Six Tips To Help Nurture A Young Child’s Reading Habit
Even in this age of multiple screens and live streaming, reading is still considered a major milestone in child development. It is no surprise that many parents are anxious to encourage their kids to read, and make sure the habit sticks. How to go about it? Read up for 6 quick tips to help parents teach their children about the joys of reading.
- Let Kids See Parents Reading
Children learn best by example, and who better to set the example for a good reading habit other than their own parents? If kids see that their parents enjoy reading books, apart from their other daily activities, they will be more encouraged to pick up reading too!
- Set Aside Time for Reading Stories Together
The timeless routine of bedtime stories is a great way to begin the reading habit, especially for very young children. Storytime can start with showing toddlers picture books and reading aloud to them. As kids get older, they can read along with you, point to words, and ask questions. Not only is this a great way to nurture a reading habit, but it is an excellent means of spending quality time with your loved ones.
- Pick Books With Colorful Pictures and Simple Words
Young kids are very tuned in to visual cues and stimuli, so it is best to keep this in mind when picking reading material. Children will be more intrigued by a storybook with cute and colourful pictures, than by books without any illustration. When picking books, parents must also consider the length of words and sentences, especially if the kids like to read out loud. Youngsters may be frustrated if they have to stumble over difficult pronunciation, so work up slowly from simple words to more complex ones, as well as longer texts.
- Make Books Accessible in the House
Children are also more likely to pick up reading if they learn to regard books as part of their everyday lives, and not as mere curiosities to line up on a shelf. Have books present and visible in the house, within reach of the children. Of course, this does not mean that every home should be converted into a library. Simply having books out in family spaces such as the living room helps send the message that books and family do mix.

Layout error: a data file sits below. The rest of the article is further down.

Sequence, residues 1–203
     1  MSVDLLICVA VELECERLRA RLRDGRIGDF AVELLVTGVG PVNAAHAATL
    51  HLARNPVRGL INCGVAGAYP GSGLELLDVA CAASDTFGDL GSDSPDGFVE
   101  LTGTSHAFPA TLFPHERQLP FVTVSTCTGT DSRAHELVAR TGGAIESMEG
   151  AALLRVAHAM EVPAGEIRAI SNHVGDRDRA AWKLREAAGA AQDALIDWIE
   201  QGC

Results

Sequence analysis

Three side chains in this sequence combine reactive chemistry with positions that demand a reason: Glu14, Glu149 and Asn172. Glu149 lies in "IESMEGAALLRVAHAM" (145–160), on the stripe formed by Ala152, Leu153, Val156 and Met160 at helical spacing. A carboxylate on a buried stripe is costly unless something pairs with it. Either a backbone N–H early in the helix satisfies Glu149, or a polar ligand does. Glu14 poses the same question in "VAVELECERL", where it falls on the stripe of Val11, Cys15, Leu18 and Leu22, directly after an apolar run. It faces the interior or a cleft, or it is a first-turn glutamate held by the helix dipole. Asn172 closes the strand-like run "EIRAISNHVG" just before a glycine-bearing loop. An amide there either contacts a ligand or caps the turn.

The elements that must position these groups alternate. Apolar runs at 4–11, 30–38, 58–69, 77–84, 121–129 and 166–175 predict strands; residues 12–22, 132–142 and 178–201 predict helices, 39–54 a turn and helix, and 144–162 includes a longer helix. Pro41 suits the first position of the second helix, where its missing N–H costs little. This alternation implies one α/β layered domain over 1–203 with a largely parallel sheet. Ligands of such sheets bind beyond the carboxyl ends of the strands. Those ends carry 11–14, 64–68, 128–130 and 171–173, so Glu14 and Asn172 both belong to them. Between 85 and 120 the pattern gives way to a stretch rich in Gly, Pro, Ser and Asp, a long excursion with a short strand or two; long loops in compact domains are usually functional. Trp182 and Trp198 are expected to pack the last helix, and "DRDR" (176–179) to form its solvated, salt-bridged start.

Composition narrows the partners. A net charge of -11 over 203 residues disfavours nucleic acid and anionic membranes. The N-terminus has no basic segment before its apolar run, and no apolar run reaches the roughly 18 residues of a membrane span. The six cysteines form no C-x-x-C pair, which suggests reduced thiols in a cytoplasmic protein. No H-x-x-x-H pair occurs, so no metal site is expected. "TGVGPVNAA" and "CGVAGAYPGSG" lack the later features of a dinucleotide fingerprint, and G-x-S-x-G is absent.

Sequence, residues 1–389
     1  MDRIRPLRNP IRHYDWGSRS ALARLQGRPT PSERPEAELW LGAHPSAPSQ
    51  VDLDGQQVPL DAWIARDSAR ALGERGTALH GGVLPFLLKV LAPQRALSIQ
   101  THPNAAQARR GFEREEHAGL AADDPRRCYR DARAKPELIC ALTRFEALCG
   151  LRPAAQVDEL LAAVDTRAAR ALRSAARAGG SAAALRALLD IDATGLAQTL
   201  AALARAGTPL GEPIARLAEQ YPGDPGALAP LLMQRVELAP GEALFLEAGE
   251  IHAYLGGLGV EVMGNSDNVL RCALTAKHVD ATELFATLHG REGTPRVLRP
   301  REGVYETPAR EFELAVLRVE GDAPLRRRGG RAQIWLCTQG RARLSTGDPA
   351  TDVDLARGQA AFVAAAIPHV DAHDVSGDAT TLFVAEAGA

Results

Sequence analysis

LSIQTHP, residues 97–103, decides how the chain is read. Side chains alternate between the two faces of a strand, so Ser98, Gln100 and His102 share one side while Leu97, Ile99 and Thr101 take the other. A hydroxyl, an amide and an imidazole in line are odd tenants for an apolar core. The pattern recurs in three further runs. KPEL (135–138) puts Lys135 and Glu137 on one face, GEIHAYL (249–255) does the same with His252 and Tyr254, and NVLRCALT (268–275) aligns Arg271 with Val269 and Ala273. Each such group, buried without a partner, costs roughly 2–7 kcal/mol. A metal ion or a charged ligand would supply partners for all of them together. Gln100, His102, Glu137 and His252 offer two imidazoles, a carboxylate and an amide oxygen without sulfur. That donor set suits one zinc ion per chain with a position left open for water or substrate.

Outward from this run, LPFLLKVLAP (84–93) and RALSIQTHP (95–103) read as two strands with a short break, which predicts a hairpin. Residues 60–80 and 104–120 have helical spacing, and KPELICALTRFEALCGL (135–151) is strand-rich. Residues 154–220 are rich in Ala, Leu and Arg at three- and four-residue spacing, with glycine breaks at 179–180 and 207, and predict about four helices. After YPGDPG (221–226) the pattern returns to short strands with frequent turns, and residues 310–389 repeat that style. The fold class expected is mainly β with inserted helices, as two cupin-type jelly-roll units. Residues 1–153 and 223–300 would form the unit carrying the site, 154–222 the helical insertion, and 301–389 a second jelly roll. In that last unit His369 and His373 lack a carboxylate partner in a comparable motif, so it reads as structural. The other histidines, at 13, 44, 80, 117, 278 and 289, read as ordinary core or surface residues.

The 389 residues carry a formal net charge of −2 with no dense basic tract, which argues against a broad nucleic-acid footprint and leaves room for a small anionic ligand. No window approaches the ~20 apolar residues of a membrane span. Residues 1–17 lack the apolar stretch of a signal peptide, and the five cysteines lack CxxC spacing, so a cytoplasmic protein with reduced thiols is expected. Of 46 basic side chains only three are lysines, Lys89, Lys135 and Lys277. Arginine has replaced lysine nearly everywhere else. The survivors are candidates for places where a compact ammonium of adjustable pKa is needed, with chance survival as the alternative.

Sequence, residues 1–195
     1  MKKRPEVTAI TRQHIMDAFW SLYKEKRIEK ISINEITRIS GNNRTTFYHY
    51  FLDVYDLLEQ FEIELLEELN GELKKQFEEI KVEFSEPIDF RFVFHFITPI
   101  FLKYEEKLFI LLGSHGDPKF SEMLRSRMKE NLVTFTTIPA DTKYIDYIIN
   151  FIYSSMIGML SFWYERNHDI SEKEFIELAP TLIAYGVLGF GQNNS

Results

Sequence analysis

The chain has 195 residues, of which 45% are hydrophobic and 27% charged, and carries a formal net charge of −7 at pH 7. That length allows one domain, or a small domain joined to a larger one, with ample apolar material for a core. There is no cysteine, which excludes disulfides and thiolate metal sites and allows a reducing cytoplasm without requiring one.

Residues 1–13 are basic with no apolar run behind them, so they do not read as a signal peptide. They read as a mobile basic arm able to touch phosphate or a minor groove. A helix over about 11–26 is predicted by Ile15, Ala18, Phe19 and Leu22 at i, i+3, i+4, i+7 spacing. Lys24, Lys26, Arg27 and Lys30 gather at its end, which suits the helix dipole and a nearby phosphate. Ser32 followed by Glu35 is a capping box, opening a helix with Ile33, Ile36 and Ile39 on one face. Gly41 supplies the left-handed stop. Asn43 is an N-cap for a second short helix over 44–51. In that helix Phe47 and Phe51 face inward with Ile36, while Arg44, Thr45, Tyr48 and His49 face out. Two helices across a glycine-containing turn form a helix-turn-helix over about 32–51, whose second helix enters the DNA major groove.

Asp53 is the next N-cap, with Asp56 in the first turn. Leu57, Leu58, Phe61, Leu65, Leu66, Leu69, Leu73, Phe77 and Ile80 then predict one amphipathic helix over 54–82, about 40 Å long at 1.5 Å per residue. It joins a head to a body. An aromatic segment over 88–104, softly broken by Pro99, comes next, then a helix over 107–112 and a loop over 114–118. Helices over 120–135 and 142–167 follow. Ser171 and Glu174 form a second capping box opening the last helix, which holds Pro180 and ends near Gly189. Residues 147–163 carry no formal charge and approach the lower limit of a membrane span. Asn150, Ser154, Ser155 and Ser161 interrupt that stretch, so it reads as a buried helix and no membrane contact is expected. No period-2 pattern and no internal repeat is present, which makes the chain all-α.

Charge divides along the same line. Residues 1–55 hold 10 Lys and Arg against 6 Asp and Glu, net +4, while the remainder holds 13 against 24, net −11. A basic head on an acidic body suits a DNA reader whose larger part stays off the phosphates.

- Let Kids Pick the Books
As kids get older, they may express interest in certain types of stories or topics. Parents would do well to note their kids’ interests when picking books, or better yet, let the kids pick the books themselves. It may be tempting to force a kid to read some “must-read” texts but compelling them to read things they couldn’t care less about will only make them resent reading, view it as a chore, or as a dull exercise. Let kids explore the genres they like, both fiction and non-fiction. A caveat though; although kids may pick the books, the parents must have the final say as to whether a book is age appropriate.
- Set Up a Space for Reading
Some kids may prefer to remain undisturbed when they are delving into an interesting book. Parents can help them out by setting up small reading nooks in the home. These can be as simple as a kid-sized comfy chair beside a small shelf of books, or as whimsical as a tent filled with books and cushions. The possibilities are endless! Regardless, of the form of the reading nook, the objective is to create a safe and comfortable space for reading, at all hours of the day.
Reading is not only a great habit, but also a necessary life skill to cultivate. Parents who recognize this will take the additional effort to ingrain reading in their kids. Most crucial to this effort is the mindset of parents towards reading; if they view it as dull or tiresome, the kids likely will too. In a sense, nurturing a child’s reading habit is a family effort. It will not only help kids, but also encourage adults to re-examine how they read and learn, and improve their skills as well.